Fun to Be Russian by Theodor Rasputin

Fun to be Russian by Theodor Rasputin(Cover picture courtesy of Goodreads.)

In FUN to be RUSSIAN you may find the answers to all those niggling little questions you never knew you wanted to ask!

• Why do Russians tie fishing boats to their feet while camping?

• What German phrase do all Russian men know and when would they use it?

• How do you catch a bottle of vodka while fishing off your balcony?

• Why is it unwise to relieve yourself out the door of a Russian train at night?

• Find out which is stronger; an Al Qaeda head or a Japanese television?

• And, just why is it essential that your wife always wears white knickers while travelling?

Drink vodka during a consultation at the clinic, experience a fishing weekend with friends, spend a relaxing summer week at the country Dacha and see how a seaside vacation to Egypt can be unusually eventful in the right company. Enjoy reading and Na Zdorovie!

[Full disclosure: I received a free print copy from Theodor Rasputin in exchange for an honest review.]

In all honesty, I had some mixed feelings about Fun to Be Russian.  On one hand, there were parts that were so funny I had to literally laugh out loud.  On the other hand, this reads more like a joke book rather than an actual story.  Once you get past the jokes, there really isn’t much of a plot or that much characterization.

The story obviously takes place in Russia where we meet Vadim and Julia, a husband and wife who are going to a family planning clinic.  Once in the doctor’s office hilarity ensues as Vadim and the doctor exchange hilarious tales over some vodka.  Essentially, the whole book is like this.  No, it doesn’t all take place in a family planning clinic, but it is mainly characters telling each other stories without much action in between.  Sure, Vadim has a little adventure with some strong medication and actually does something at the end of the book, but that’s about all that actually happens.  The scenery changes a couple of times, but the characters are just essentially telling stories within a story.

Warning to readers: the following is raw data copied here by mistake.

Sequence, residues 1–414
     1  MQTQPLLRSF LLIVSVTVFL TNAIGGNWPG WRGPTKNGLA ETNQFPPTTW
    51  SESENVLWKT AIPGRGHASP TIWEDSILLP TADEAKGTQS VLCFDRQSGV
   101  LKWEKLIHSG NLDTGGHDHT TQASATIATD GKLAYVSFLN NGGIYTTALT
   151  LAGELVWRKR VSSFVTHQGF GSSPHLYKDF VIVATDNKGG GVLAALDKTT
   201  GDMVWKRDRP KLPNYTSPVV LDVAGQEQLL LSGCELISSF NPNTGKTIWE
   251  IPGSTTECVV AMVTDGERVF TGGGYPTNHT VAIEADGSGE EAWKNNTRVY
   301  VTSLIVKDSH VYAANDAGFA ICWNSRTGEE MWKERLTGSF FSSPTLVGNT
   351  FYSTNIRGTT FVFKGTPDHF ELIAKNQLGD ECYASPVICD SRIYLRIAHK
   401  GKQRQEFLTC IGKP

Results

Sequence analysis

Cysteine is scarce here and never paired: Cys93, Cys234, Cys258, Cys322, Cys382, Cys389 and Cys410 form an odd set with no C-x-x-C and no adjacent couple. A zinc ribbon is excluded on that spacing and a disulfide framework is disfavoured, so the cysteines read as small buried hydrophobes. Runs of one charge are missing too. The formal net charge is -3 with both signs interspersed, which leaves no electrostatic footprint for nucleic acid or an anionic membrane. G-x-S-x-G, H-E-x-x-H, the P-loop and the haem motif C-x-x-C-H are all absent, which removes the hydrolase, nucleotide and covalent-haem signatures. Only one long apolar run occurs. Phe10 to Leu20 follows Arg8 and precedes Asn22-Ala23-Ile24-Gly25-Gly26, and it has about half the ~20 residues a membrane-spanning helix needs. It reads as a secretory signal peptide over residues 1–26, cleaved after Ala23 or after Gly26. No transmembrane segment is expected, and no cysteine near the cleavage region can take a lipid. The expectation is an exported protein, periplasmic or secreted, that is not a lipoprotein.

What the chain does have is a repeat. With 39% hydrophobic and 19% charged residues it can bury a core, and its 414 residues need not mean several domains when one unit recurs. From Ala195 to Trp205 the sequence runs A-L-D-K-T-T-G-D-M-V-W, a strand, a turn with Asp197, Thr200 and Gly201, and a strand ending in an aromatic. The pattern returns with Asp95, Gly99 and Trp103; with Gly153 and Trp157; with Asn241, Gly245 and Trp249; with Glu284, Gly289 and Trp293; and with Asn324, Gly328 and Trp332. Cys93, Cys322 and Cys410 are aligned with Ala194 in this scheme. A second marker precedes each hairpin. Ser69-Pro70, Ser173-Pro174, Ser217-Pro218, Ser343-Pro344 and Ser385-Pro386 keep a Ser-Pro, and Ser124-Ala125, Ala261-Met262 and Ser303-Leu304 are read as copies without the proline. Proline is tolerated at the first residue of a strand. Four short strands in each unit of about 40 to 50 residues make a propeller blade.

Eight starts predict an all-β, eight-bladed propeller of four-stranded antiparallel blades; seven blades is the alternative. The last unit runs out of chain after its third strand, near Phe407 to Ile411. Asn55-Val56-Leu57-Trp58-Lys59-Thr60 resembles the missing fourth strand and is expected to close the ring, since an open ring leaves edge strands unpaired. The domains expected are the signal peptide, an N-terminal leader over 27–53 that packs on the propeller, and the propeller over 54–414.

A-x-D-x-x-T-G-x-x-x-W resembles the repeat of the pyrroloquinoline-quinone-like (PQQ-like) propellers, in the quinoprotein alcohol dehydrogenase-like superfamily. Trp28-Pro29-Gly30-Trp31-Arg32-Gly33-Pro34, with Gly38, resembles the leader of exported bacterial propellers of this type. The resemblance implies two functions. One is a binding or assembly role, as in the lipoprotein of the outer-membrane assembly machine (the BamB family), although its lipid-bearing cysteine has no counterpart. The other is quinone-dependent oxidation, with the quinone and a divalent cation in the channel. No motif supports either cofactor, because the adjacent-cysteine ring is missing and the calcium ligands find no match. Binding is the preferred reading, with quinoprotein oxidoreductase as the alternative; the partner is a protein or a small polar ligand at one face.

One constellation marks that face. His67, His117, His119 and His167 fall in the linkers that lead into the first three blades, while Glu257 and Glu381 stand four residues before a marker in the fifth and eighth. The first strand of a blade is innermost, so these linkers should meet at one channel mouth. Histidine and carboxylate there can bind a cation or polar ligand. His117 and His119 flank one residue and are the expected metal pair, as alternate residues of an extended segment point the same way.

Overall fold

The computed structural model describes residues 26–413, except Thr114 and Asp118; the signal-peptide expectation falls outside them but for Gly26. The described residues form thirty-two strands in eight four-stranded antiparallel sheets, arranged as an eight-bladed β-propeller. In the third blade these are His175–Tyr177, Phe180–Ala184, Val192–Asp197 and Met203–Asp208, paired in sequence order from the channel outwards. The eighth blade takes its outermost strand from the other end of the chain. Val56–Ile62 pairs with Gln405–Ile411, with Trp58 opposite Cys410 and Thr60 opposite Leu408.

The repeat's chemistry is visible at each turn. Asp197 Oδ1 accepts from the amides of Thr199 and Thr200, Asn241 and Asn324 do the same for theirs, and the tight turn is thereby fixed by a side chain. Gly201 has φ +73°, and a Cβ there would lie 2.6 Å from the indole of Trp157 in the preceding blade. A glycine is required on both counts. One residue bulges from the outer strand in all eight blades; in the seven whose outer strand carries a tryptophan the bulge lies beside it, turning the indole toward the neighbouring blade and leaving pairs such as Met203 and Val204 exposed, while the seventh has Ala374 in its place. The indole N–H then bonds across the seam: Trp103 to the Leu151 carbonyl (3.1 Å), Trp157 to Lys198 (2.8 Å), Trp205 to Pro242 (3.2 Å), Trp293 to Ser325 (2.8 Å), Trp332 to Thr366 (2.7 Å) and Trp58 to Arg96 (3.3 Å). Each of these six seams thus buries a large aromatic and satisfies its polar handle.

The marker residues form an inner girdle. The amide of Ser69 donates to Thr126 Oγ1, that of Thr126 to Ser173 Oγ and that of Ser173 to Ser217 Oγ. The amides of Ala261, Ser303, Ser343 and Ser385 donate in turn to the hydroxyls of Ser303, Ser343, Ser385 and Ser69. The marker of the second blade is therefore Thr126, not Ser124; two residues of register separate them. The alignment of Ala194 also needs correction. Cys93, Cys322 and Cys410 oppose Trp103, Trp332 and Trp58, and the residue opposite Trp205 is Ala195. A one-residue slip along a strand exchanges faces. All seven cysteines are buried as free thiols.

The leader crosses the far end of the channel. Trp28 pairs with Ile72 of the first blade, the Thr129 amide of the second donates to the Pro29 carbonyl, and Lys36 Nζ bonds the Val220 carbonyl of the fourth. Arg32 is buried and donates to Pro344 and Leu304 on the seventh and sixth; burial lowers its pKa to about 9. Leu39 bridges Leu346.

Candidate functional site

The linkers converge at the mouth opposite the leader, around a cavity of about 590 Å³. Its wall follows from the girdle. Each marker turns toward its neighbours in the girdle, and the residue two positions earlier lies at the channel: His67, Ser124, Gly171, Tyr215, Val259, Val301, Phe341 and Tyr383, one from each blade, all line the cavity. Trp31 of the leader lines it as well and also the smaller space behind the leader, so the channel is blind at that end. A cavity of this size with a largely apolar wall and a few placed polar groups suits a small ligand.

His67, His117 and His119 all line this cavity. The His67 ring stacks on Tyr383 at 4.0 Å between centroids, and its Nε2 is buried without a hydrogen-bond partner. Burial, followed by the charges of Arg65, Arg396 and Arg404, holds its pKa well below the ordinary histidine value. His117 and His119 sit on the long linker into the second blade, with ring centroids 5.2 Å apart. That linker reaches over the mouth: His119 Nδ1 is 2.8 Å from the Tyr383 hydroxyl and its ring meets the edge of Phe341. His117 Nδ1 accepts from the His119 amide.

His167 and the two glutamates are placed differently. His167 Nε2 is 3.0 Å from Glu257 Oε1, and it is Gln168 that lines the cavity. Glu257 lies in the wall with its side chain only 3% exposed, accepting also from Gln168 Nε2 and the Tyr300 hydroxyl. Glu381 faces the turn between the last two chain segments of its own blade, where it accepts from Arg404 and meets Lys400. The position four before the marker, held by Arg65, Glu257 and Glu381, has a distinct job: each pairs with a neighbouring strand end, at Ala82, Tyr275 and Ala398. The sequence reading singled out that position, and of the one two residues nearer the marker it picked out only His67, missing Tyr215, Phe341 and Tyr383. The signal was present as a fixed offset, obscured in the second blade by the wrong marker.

My problem with this is that while it’s funny, it’s not necessarily fun to read in a linear manner.  Such tales would have been better in a sort of joke book rather than Theodor Rasputin trying to tell them all in one book.  It also doesn’t leave much room for characterization.  Vadim comes across as a stereotypical Russian man, only really caring about drinking and the other characters are just one dimensional.  There are no real motives behind their behavior other than the fact that they just want to drink and tell each other stories.

There are some proofreading errors, but they don’t really affect your ability to read Fun to Be Russian.  Some of the humour is a little crude, so I’d definitely recommend it for adults only.  However, the one redeeming feature of this is that it is actually hilarious.  Theodor Rasputin can tell stories in a humorous manner, it’s just that trying to fit them all into a novella was not necessarily the best choice.

I give this book 2.5/5 stars.

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